Fourth Try Socks

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In the knitting world, we call a project “frogged” when an unfixable mistake has occurred or the pattern has stumped the knitter. Sometimes patterns are written poorly, have errors, or are simply beyond the skill level of the knitter. Regardless of the reasons why, it’s alway annoying to label a project as frogged.

The first pair of Horizontal Rib Socks I made turned out perfect. The texture of the rib played nicely with the self-striping yarn and it was the first pair of socks I made that fit my foot without being a touch too snug, (this is a huge victory for newly minted sock knitters!). I added a star to the pattern to designate it as a favorite.

The second pair Horizontal Rib Socks did not go well. Despite using the same yarn (in a different color), my second attempt ended with the first sock being full inch too short and incredibly tight around the foot. I ended up ripping it apart and rewinding the yarn.

The third pair of Horizontal Rib Socks also did not go well. This time the sock ended up far too large and had no elasticity. Frogged again. I almost erased the favorite pattern star.

That was two years ago.

I don’t like losing to a sock pattern. Especially a pattern I’ve conquered before. This is the only reason why I decided to make a fourth attempt on this wretched pattern! I pulled out some Paton’s Kroy sock yarn and loaded up my sock loom for what I hoped would be a sweet victory.

It turns out the fourth try is the charm! This time around, I realized part of the problem was in the foot section of the pattern – instead of two repeats in the stitch pattern, I had to do three to fit the length of my foot. Never underestimate the power of trying on the sock while it’s still on the loom to see whether more length is needed.

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Horizontal Rib Socks in Paton’s Kroy Sock, Bramble Stripes

One thing I’ve learned from this process is that patterns, no matter how well-written, are not set in stone. There is always room for adjustments to achieve a better end result. You just have to be brave enough to look away from the pattern and trust your own skills.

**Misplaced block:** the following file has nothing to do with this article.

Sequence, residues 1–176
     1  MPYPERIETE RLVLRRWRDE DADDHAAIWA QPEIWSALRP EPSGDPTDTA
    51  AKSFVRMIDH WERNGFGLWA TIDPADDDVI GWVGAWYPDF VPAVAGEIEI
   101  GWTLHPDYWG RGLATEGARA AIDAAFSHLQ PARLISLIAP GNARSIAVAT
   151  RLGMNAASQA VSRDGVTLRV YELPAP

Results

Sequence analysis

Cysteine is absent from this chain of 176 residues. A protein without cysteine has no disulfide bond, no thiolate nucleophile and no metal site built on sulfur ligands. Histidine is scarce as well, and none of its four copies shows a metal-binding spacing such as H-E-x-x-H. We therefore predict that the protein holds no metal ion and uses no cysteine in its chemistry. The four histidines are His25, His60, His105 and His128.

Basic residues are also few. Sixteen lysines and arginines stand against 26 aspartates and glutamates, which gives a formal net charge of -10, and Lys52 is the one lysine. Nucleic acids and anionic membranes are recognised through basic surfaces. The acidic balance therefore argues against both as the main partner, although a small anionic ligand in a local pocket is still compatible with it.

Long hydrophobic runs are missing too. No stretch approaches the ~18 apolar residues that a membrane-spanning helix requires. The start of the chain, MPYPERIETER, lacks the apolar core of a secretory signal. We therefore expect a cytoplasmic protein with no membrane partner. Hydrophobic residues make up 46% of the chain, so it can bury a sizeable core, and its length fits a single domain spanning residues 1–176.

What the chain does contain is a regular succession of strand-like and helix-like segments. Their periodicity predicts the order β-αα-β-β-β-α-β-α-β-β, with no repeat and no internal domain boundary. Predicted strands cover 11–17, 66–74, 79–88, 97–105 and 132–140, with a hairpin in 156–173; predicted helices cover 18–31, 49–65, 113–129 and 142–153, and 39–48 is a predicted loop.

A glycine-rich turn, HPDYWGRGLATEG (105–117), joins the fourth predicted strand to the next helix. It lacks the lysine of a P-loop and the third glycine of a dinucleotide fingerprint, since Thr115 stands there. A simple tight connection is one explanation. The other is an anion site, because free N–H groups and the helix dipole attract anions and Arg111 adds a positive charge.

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c.b.w. 2016

Favorite Thing Friday: Seascape Melody Socks

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After the challenge of knitting lace socks, I decided to go the simple route for my next project. I pulled out my trusty KB sock loom and got to work on Seascape Melody Socks (via Loom Knitting Socks by Isela Phelps).

Hiding in my yarn stash was a gorgeous skein of ONline Supersocke in Ocean Color, Colorway 1577. How perfect given the name of the sock pattern! I got this yarn while on vacation a couple of years ago and I was so excited to finally find the right pattern for it. Sadly, however, I think this yarn is discontinued.

The yarn is self-striping and mixes solids with heather effects. Beautiful shades of pink, blue, brown, cream, and green pull together to make a simple alternating ribbed pattern something really special.

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Seascape Melody Socks

Seascape Melody uses only knit and purl stitches. It’s basically an interrupted ribbed pattern. As usual, the heel and toe are worked using the short row method with a series of wrapped stitches.

I worked this sock over 56 pegs on the original fine gauge KB sock loom. I arrived at this peg count because the yarn I used had the same gauge (28 sts = 4″) as my favorite sock yarn, Paton’s Kroy. Experience has taught me 56 pegs with a 28 st gauge makes a perfectly fitting sock for my 8″ diameter foot.

My goal this summer is to clear out my sock yarn stash, so more sock posts are on the horizon!

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What’s your favorite thing this week?